Adaptable Peripatetic Inquisitor
April 17, 2015 11:06 AM   Subscribe

What is the origin of the term API (Application Programming Interface)? Who coined it? What terms did it compete with?
posted by michaelh to Technology (6 answers total) 2 users marked this as a favorite
I always assumed it was an IBM term. It certainly sounds like one. In the sixties, both OS/360 and DOS/360 had application programming interfaces (incompatible, of course), and one of the advantages ascribed to the system was the modularity and portability that the API brought. I can honestly say that was the first time I ever heard of an API, but I have to admit that's because I don't go back any further than that.
posted by ubiquity at 11:37 AM on April 17, 2015 [2 favorites]

This Quora answer claims
It's history goes back to the first subroutine... the methods and scope of the calls and such have changed but not the concept.. the first modern API was HTTP and all modern API's justr expand on it.
Searching for more history gets mucked up with history of web APIs, which started on February 7th, 2000, when officially launched their APIs at the IDG Demo 2000 conference.
posted by filthy light thief at 11:39 AM on April 17, 2015

I don't know where it *originally* came from, but (since I am old), I saw 'API' used a lot early in Win32 and COM - usually to describe the collective set of functions and types (concrete and abstract) used to customize or interact with a specific application suite (e.g. OLE types used in Office, Win32 types used to interact with NT Auth, etc). In fact, MSDN called it 'The Win32 API' even in the early 90s.

At the very least, at it's inception, the term had nothing to do with the web, and everything to do with documenting an externally callable set of automation.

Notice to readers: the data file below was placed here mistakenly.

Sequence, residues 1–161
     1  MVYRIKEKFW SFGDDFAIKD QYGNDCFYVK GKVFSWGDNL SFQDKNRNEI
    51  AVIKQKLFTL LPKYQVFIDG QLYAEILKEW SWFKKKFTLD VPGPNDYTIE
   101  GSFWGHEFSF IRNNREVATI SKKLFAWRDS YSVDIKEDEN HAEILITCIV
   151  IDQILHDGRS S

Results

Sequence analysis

I can also tell you that today it means "giant fucking collection of public entry points into giant fucking blocks of bad procedural code." maybe additionally it means "function signatures in our rad new disruptive javascript framework".

posted by j_curiouser at 11:50 AM on April 17, 2015 [3 favorites]

Google Ngram Viewer says that the first usages of "application program interface" were in 1964 or thereabouts. (Note that if you search for "API" you get a lot more results, but I think most of them are not relevant.)

The first mention—excluding a couple of bogus hits (e.g. stuff "dated" erroneously from the 30s but containing much newer information)—is from the AFIPS Proceedings, Volume 33, Part 1, page 535. Only a small snippet is available via Google, unfortunately, and I don't have access to the full text. Perhaps someone else does.

Interestingly though, at least in the brief snippet, the author doesn't take the opportunity to introduce the initialism "API" for "application program interface", so it might not be the first usage of that particular abbreviated term, if indeed it is the first usage of "application program interface" at all.
posted by Kadin2048 at 11:42 PM on April 17, 2015 [1 favorite]

In 1983 Macintosh programming on the Lisa was based on the Macintosh application programming interface (API) called at that time the Macintosh Toolbox and Operating System routines.
I think the term API was popularised by the success of the MS-DOS API
posted by Lanark at 4:29 AM on April 18, 2015 [1 favorite]

Response by poster: Good leads here. I'm still looking for the One True™ origin if anyone happens to read this. Feel free to memail if the question becomes closed to new comments.
posted by michaelh at 10:34 PM on July 19, 2015

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